And they have not cried to me with their heart, when they howled on their beds: they assemble themselves for corn and wine…
When called to encounter dangers, every possible precaution should be taken beforehand. Seasons of peril and distress often wring from the most hardened expressions of sorrow and remorse. These are to be attributed, for the most part, to the alarming perplexity in which they are involved, and differ widely from the heart-felt supplications of the humble and contrite. The procrastinating sinner cannot delude the all-seeing God by his selfish attempt to palm off these shrieks of a terrified soul for the sincere sorrow of the penitent. There are few persons so hardened in guilt as not to promise themselves some season of amendment; and, strange as it may appear, a death bed repentance is that upon which they rely.
1. The grand motive which should influence the sinner in turning to God is love to the kind and gracious Father, who has so long borne with his waywardness, and a sincere desire to promote His glory.
2. A reliance on a death-bed repentance implies a doubt of the declarations of the Bible, that God expects us to walk before Him during the days of our earthly pilgrimage in holiness and righteousness. God commands us, most explicitly, to work while it is day, and reminds us of an hour when the Master of the house, having closed the door, all applications for admission, no matter how loud or importunate, will be in vain.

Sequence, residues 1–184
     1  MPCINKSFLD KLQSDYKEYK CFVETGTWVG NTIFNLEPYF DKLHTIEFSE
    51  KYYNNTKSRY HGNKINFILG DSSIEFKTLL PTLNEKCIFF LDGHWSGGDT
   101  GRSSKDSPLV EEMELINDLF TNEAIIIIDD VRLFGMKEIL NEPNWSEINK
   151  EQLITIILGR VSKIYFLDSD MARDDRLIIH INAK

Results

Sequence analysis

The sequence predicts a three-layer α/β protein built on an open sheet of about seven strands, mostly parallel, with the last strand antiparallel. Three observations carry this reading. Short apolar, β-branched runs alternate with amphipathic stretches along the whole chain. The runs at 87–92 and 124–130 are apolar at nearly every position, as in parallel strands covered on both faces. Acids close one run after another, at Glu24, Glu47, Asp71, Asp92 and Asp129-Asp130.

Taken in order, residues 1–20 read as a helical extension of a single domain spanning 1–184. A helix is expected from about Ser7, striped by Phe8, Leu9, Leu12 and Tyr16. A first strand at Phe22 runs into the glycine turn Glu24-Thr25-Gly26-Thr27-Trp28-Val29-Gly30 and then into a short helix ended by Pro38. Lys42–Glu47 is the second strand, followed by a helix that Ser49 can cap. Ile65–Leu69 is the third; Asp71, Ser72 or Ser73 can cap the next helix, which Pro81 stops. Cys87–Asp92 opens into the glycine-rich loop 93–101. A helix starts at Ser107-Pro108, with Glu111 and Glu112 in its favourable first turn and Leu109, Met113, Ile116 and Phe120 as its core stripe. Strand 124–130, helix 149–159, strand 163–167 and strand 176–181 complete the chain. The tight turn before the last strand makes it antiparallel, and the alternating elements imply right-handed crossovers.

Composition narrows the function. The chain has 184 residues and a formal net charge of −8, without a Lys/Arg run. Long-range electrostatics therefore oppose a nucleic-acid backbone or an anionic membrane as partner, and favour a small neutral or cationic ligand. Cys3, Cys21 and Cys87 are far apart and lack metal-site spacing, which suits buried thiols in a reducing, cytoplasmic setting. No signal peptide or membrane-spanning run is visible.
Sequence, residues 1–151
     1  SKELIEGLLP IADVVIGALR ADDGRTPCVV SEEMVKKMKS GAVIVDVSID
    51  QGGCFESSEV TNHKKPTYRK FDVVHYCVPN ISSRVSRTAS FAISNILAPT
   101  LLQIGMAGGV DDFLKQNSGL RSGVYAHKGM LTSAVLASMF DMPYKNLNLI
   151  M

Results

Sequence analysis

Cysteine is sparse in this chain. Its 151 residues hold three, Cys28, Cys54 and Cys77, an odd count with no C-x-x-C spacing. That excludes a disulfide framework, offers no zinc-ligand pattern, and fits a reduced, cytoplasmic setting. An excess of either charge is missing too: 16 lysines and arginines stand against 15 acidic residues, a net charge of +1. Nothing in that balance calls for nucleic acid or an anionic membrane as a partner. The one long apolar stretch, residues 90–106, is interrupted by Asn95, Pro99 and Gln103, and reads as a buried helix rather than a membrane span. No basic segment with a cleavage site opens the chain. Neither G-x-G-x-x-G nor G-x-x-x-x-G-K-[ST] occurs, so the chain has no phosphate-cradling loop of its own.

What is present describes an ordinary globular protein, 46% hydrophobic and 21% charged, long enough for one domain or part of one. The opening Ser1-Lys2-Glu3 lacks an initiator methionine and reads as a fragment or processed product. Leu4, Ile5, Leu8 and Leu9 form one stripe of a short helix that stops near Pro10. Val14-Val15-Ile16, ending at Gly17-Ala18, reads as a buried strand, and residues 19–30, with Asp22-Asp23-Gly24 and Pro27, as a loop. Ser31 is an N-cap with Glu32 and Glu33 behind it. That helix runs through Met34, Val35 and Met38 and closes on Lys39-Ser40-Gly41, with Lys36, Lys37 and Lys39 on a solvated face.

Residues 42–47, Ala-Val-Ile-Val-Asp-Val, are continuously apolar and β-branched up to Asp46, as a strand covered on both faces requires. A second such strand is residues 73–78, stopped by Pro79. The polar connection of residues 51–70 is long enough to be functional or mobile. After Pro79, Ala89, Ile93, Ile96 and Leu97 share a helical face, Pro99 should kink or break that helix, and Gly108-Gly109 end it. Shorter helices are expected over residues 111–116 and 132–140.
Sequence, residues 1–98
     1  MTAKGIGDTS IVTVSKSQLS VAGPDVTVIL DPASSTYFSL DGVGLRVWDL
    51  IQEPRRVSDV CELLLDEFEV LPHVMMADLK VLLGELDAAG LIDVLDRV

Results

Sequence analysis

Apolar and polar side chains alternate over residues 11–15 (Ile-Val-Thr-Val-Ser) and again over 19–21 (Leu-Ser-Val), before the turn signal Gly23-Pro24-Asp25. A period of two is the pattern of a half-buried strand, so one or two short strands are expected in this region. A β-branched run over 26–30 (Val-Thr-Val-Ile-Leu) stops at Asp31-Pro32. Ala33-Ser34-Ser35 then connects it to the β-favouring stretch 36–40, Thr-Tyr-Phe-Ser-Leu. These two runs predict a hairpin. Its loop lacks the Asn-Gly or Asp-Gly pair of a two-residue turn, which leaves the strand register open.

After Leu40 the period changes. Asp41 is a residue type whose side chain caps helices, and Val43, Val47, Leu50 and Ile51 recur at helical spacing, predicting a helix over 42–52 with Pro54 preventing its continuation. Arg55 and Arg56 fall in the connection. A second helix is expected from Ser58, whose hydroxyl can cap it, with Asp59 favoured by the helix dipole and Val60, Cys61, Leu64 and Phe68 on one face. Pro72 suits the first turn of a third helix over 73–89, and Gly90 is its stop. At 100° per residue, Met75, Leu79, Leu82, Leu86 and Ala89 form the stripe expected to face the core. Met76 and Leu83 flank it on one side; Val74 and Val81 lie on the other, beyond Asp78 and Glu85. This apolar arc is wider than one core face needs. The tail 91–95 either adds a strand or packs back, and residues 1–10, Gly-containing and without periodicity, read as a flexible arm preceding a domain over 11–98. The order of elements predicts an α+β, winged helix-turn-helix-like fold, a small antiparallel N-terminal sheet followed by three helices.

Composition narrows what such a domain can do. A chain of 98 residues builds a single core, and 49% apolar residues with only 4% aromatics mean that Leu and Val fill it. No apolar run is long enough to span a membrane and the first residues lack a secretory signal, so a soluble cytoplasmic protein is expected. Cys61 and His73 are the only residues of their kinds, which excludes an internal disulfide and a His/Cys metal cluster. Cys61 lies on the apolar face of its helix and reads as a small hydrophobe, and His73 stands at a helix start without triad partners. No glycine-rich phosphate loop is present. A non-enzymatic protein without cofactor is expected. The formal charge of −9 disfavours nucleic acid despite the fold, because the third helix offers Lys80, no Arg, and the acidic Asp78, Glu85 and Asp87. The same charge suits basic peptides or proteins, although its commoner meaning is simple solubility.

3. It is a prominent feature in the great plan of redemption that we should openly acknowledge our allegiance to God by becoming a member of His Church; and by a holy life and heavenly conversation "adorn the doctrine of God our Saviour." If all should look to a death-bed repentance to fit them for heaven, what a prospect the world would present!
4. In these enlightened days, it would be difficult to find one within the limits of civilised life, who had not repeatedly heard of the offers of mercy, through the merits of a crucified Saviour. The world, however, has presented too many charms; business completely engrossed his thoughts; the care of providing for the mere earthly wants of a family engaged too much of his time to leave any for the concerns of his soul. If the thought arises, When shall I prepare for my final account? the devil stands ready to suggest that a few hours of prayer on a death-bed will be preparation enough. And the careless worldling listens most readily to the sly tempter's advice.
(John N. Norton.)
Parallel VersesKJV: And they have not cried unto me with their heart, when they howled upon their beds: they assemble themselves for corn and wine, and they rebel against me.